Closure Rumors Again Plague Consulate


Less than two years after it was first rumored to be closing, the Philadelphia-based Consulate General of Israel to the Mid-Atlantic Region is once again the subject of closure speculation.

There has been no official confirmation or denial from the Philadelphia-based Consulate General of Israel to the Mid-Atlantic Region following a story in the Aug. 10 edition of The Jerusalem Post indicating Prime Minister Benjamin Netanyahu and the Israeli government are considering closing it along with six other embassies and consulates around the world.

“We have received no official word from Israel substantiating these reports,” said Consulate spokesman Michael Alexander in a statement.

In the Post story, former Israeli Foreign Minister Avigdor Liberman accused Netanyahu of staging a “pogrom” of cost-cutting measures that could potentially jeopardize Israeli national security. He also expressed concern with the timing, since a number of key international issues are looming.

Should these shutdowns occur, Liberman fears Israel could suffer not only in terms of its diplomatic standing, but also in terms of diminishing support within the American Jewish community.

“There is no need to describe the ‘pogrom’ the prime minister did to the foreign ministry in recent months,” wrote Liberman, who declined a third term as Foreign Minister in 2013, on Facebook. “One action after another it weakened it, dispersed and decentralized the Foreign Ministry, making it a powerless body lacking influence.

“If dismantled, the Foreign Ministry can’t do its work and if the anti-Israel decisions are accepted, it will have far-reaching ramifications for Israeli security.

“The prime minister’s ‘pogrom’ is not only a problem for foreign ministry workers. It harms our national security and our ability to defend ourselves in the international area.”

This marks the second time in less than two years rumors of the consulate’s imminent closure have become public. The most recent one, in 2013, led to such an uproar within the Philadelphia Jewish community and beyond, the Israeli government ultimately backed off.

Now there’s concern the threat may have re-emerged, leading to speculation this might be part of a political game, with Philadelphia — along with San Francisco and Atlanta — as the political football. One reason behind that thinking is that unlike last time, the consulate has not received an official letter from the Israeli government declaring its intention to close.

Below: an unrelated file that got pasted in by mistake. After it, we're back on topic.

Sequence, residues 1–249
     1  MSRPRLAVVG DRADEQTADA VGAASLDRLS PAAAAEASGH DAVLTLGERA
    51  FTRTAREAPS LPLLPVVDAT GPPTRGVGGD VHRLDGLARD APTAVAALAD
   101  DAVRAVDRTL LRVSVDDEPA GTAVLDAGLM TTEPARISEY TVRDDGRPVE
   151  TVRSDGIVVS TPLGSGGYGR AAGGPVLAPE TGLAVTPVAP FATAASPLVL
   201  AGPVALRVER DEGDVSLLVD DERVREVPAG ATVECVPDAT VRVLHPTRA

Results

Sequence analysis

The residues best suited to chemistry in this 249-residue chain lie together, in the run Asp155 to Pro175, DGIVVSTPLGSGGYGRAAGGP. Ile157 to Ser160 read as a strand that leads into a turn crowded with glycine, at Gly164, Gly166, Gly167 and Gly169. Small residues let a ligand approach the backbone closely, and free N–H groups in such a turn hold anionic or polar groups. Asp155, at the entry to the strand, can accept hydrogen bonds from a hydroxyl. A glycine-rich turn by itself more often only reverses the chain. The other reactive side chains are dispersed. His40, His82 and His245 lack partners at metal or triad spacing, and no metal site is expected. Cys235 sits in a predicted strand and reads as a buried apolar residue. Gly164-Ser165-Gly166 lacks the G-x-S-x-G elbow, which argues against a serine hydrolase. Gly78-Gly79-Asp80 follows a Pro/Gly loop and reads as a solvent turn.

“There’s a possibility something could happen,” said Lou Balcher, former director of academic affairs for the consulate. “But my sense is this is political. Unfortunately, Philadelphia is caught in the middle of it.”

That can’t be very comforting to outgoing Philadelphia Mayor Michael A. Nutter, who recently returned from a trip to Israel where he attempted to convince a number of Israeli companies to set up offices here. “The last time it came up as an issue, the mayor very vigorously argued for retention of the consulate here,” said mayoral spokesman Mark McDonald. “That view has not changed. We think it’s a very important point of contact for the city and the State of Israel.”

If there is any validity to the story, Sharona Durry, executive director of PhillyIsrael, which largely consists of native Israelis who’ve immigrated here, says her organization is again willing to do whatever it takes to keep the consulate here. “First, I have to find out if it’s true,” said Durry. “If it’s true we may have to go through and do it all over again. It all started with the Philadelphia-Israel Chamber of Commerce and then we fed off that and came together as one community.

“We were trying to explain to the people in the community how important it is to have the office open. We encouraged them to call officials and send letters to the prime minister.”

That’s precisely what the Chamber of Commerce did in November 2013 when the rumors first surfaced; it took a few months to favorably resolved the issue. But Chamber president Richard A. Bendit stopped short of saying they would do it again to preserve the consulate.

“We don’t know there is an issue,” said Bendit, whose 2013 letter spelled out the reasons it was vital Israel maintain an office here with regards to economic, science, medical and cultural benefits. “We stand behind the consulate, just like we did in 2013. The Philadelphia-Israel Chamber of Commerce believed then and still believes today the Israeli consulate serves a vital purpose for the state of Pennsylvania and our region and should remain open.”

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